Stuck with babysitting duty in the hospital with Shaw by her Alpha female, Sissy Mae Smith, Ronnie is in for a lot more than just babysitting duty. When Shaw takes down two strange humans with jackal scent all over them in his hospital room, Ronnie whisks Shaw away to her aunt’s house in Long Island, only to have Shaw’s ‘healing fever’ cause a world of trouble for her, and a world of hysterical laughter for me. Can we all say “full grown lion doing the Mamba in the neighbor’s front yard?” And then there is always the doggy “play bow,” front down, ass in the air (and do you think he is EVER going to live that one down . . .?)
There is action and adventure in this story line, hot nookie and laughter, and a good dose of mystery and suspense. All in all? I am now deeply addicted to Shelly Laurenston and her Pride Series. If you like paranormal romance with a good dose of mystery, action, and laughter, you can’t go wrong!

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SHOWSTOPPERS IS OUT IN PAPERBACK! WOO HOO!

The Returns 2 ~ Showstoppers is out in paperback on Amazon!
The Returns 2 ~ Showstoppers is out in paperback on Amazon!

The holidays are nearly here, and what better gift than beautiful copies of SHOWSTOPPERS for all your friends and family? Heartwarming, funny, and all around lovable, these canine companions, along with their Angel Guardian, her Angel Mentor, and their favorite FBI Agent are on another adventure!

Travel with them, from New Orleans to New York as they track down the evil people who are kidnapping famous show dogs!

The Returns 2 ~ Showstoppers is out in paperback on Amazon! Click the link above and you can purchase copies for everyone on your list!

 

Review: To Murder A Saint (Saints Mystery Series) by Nicole Loughan

to murder a saint
Good Reads site.

I picked up “To Murder A Saint” as a ‘freebie’  from one of my e-mails of “free and discount books” that I receive on a daily basis. I always appreciate these, as it often leads me to a new author I may not have otherwise discovered. Sometimes I am happy I found the particular book. Sometimes? Not so much.

In this case, what caught my eye was the cover. It is beautiful, as you can see. Well, that and the fact that the book was set in Louisiana, a total weakness for me. I can say that the potential is definitely there, hopefully to be fulfilled later. The author, Nicole Loughan, is a recognized journalist and syndicated humour columnist, which offers potential as a writer of fiction. In this first installment of her series, Nicole is writing about my home area, the bayous of southern Louisiana. She does a fairly good job of setting up the novel. My three-star review is based on several issues I had.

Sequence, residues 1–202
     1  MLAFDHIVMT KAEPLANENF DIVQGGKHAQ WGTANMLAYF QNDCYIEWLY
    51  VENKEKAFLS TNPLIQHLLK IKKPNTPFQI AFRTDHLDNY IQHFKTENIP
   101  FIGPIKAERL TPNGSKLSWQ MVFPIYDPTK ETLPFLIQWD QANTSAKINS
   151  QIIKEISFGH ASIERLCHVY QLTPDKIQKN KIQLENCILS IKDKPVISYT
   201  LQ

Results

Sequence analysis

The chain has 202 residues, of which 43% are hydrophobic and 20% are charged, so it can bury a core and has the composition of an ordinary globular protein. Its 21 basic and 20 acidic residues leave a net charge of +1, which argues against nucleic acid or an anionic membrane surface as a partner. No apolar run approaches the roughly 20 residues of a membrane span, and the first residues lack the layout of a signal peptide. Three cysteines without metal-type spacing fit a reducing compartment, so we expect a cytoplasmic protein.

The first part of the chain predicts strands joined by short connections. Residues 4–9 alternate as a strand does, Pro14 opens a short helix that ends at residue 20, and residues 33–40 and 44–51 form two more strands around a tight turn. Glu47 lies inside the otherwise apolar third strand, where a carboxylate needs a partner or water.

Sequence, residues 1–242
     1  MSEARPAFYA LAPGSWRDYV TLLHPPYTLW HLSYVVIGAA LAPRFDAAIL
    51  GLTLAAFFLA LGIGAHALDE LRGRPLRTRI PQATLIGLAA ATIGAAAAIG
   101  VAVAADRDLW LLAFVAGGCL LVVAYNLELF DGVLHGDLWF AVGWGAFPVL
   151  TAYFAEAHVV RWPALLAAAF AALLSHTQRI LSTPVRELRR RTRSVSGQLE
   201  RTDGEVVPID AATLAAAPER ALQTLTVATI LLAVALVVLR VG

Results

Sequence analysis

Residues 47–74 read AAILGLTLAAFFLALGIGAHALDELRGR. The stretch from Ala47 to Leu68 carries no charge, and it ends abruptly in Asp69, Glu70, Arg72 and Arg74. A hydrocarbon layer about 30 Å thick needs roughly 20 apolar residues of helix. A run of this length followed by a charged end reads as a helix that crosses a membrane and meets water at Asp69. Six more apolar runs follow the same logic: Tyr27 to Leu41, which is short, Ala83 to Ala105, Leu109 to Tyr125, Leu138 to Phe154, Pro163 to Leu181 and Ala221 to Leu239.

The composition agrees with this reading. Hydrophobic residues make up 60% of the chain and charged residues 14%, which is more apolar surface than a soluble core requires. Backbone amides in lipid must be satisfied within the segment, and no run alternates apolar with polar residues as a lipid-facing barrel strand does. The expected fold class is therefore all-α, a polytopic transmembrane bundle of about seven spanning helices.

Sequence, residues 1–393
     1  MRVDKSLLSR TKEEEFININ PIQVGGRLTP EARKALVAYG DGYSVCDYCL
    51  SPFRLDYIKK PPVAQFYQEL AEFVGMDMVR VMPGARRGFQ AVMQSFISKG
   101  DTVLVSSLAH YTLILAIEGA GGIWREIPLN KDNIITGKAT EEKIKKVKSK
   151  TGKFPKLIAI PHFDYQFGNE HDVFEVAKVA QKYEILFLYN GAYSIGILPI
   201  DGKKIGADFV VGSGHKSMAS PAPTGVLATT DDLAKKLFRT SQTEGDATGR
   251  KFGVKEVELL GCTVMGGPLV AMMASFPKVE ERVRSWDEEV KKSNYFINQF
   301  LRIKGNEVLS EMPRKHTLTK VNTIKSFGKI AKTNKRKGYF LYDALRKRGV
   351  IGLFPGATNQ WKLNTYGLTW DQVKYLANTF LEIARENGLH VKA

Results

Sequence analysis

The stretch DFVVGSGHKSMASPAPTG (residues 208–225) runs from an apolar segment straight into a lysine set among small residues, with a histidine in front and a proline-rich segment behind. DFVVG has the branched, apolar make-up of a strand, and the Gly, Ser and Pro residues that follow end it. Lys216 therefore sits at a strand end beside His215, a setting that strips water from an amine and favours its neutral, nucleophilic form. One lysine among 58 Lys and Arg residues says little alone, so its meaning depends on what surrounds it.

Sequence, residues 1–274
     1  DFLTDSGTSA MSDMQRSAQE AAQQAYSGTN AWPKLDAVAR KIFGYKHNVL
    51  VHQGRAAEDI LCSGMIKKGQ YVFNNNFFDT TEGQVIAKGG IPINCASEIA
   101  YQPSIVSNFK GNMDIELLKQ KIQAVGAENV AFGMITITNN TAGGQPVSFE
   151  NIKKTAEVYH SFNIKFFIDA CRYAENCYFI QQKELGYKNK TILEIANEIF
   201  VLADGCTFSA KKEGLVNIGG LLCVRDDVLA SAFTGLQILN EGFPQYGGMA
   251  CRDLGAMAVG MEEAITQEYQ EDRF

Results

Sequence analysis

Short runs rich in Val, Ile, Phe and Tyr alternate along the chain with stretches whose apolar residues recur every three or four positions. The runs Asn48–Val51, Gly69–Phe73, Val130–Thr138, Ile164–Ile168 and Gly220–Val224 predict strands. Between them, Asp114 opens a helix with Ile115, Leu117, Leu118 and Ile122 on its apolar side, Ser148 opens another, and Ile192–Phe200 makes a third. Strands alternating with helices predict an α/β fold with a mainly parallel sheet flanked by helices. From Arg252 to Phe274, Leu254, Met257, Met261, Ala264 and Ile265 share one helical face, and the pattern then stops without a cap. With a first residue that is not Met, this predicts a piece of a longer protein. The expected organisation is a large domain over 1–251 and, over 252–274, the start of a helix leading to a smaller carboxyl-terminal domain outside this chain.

Nicole’s writing tries very hard to speak the language of the Bayou. However, with no experience with the area (she went to school in Michigan and lives in Philadelphia) her attempts at Cajun fall flat. She starts ‘Cajun-Speak’ but then falls back into ‘journalism-speak’ within two sentences. Cajun is an extremely unique language, a mixture of French, English, a bit of African and bits of Native American tribal languages (Choctaw, Quapaw, Caddo, etc.). It is also difficult for a northerner to comprehend the cadence and flow of southern speech patterns. Her precise use of language as a journalist makes it difficult, without doubt, to fall into the patois of the south, where ‘can not’ comes out ‘kaint’ and bonjour is much more common than hello, “How’s it going?” is
Comment ça va?” and the best response to that is “Ça va. Et vous-autres?” i.e., “It’s going OK. And ya’ll?” Or, in my case, “Ca va. Ah dah’tse?” i.e., “It’s good. How are you?” (A mix of Cajun with a soupcon of Quapaw.)

Overall, this reads as a first attempt at a novel, somewhat stilted and rough, but with good bones. I have put the next book on my to-read list to see if the roughness inherent in the first novel smooths out. I would have appreciated more development of the storyline. I felt it was somewhat choppy and not filled out well enough for my tastes. Again, that ‘journalist’ feeling – “Just the facts!” that was sort of off-putting for me, but others seemed to like in their reviews. In my opinion, if I am going to read a novel, I wish to fall into the book and be able to see it in my mind – the characters, the background, the world around the players. Humans are defined by their surroundings, and limiting those surroundings limits the movie that is developed in my mind. If I did not have such a strong connection with bayou country, it would have been very hard for me to feel any connection with the story or its characters.I will check out the second in the series when I get a moment and make a decision from there whether to leave the author on my ‘TBR’ list. I hope I can come back with a great review on that one!